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Figure 4: (a) Skin biopsy shows epithelioid cell granulomas in the dermis without caseation necrosis (H and E ×100). (b) High-power view of skin biopsy shows epithelioid cell granulomas in the dermis without caseation necrosis (H and E Stain ×400)

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In view of granulomatous polyarthritis, granulomatous dermatitis suggestive of sarcoidosis and a history of recurrent uveitis, a diagnosis of Blau syndrome comprising the above triad was made. The patient was started on oral methotrexate to which she was responding well with the reduction in arthritis as well as the resolution of skin lesions.


  Discussion Top


Blau syndrome is the only autoinflammatory disease associated with a gain of function mutation to show granulomatous inflammation. Individuals with Blau syndrome generally present in early childhood with articular, skin, and ocular involvement. Blau arthritis the most common presentation, typically presents as a unique phenotype “boggy or exuberant synovitis,” appearing in the first decade of life involving peripheral joints such as the wrists, knees, ankles, and proximal interphalangeal joints commonly.[5] Tenosynovitis is also a common presentation for many patients. However, despite the chronic exuberant arthritis, joint destruction is hardly encountered.

Skin manifestation usually begins as a fine mildly scaly maculomicropapular erythematous rash, which evolves into multiple papules, later on becoming confluent.[6] Appearance is often symmetric on the extremities and trunk. The rash may sometimes have a dirty scaly appearance. The rash is generally the first presentation; however, in our patient, arthritis preceded the skin lesions by 2 years. These patients are often treated as atopic dermatitis.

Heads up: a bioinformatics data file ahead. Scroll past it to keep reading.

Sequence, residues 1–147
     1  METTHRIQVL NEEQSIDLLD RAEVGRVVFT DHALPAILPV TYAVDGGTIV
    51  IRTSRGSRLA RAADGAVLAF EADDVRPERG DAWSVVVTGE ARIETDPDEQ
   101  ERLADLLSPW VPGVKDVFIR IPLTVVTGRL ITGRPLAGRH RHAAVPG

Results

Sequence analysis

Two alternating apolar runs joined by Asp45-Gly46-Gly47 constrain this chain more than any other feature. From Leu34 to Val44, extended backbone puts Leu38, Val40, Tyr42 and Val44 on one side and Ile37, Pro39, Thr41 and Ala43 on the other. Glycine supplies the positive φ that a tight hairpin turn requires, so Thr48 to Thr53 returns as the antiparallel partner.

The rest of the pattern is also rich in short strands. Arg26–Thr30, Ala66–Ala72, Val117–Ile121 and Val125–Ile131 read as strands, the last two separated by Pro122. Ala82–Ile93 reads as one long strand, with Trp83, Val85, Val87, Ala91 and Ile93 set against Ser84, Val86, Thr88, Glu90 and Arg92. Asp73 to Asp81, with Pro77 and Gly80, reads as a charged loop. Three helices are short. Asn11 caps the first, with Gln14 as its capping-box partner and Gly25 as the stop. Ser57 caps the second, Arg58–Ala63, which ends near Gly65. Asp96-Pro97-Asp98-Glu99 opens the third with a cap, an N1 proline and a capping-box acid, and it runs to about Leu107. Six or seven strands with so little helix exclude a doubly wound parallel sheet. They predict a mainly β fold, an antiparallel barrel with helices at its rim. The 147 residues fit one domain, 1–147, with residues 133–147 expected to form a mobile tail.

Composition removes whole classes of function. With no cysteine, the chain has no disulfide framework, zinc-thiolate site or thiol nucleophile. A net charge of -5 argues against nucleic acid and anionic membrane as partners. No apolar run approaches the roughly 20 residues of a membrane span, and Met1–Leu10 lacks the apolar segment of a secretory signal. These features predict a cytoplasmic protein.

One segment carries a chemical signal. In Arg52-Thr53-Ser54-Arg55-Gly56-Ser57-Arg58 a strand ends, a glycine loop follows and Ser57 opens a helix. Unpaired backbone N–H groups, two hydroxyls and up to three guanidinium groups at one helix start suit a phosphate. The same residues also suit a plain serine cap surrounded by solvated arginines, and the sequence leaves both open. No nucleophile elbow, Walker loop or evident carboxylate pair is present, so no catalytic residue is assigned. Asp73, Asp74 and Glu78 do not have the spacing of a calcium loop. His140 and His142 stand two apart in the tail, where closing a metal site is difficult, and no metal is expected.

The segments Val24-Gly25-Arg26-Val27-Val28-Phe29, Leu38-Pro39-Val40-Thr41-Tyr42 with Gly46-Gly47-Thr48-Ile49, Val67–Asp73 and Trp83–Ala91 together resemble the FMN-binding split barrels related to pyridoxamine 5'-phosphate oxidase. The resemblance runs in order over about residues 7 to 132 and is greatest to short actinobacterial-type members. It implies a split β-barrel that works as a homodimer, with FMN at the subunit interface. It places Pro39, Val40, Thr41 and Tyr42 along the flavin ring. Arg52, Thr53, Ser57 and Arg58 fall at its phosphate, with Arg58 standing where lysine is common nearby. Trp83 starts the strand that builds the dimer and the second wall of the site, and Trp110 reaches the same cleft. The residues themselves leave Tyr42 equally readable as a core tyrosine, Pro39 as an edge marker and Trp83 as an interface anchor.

Ocular involvement of Blau syndrome is associated with significant morbidity seen in nearly 80% of patients. It is characterized by ocular pain, blurry vision, photophobia, and predominantly posterior uveitis. It can evolve into panuveitis, with multifocal choroiditis, but involvement is usually bilateral.[5],[6] Our patient gave a history of blurring of vision with recurrent episodes of redness and watering of eyes in the past.

Extra-triad and atypical manifestations are described with liver, renal, vascular, and pulmonary involvement which include fever, sialadenitis, hypertension, pericarditis, transient neuropathies, pulmonary embolism, hepatic and splenic involvement, large-vessel vasculitis, chronic renal failure, and erythema nodosum.[6],[7],[8],[9]

Erythema nodosum is the second most common cutaneous manifestation followed by leukocytoclastic vasculitis. Recalcitrant large leg ulcers showing granulomas on histopathology have also been described in some patients.[5]

Pathological analysis of involved tissues shows nonnecrotizing and noncaseating granulomas of the biopsied tissue. Laboratory analysis may show normal to markedly elevated inflammatory markers, including ESR and C-reactive protein.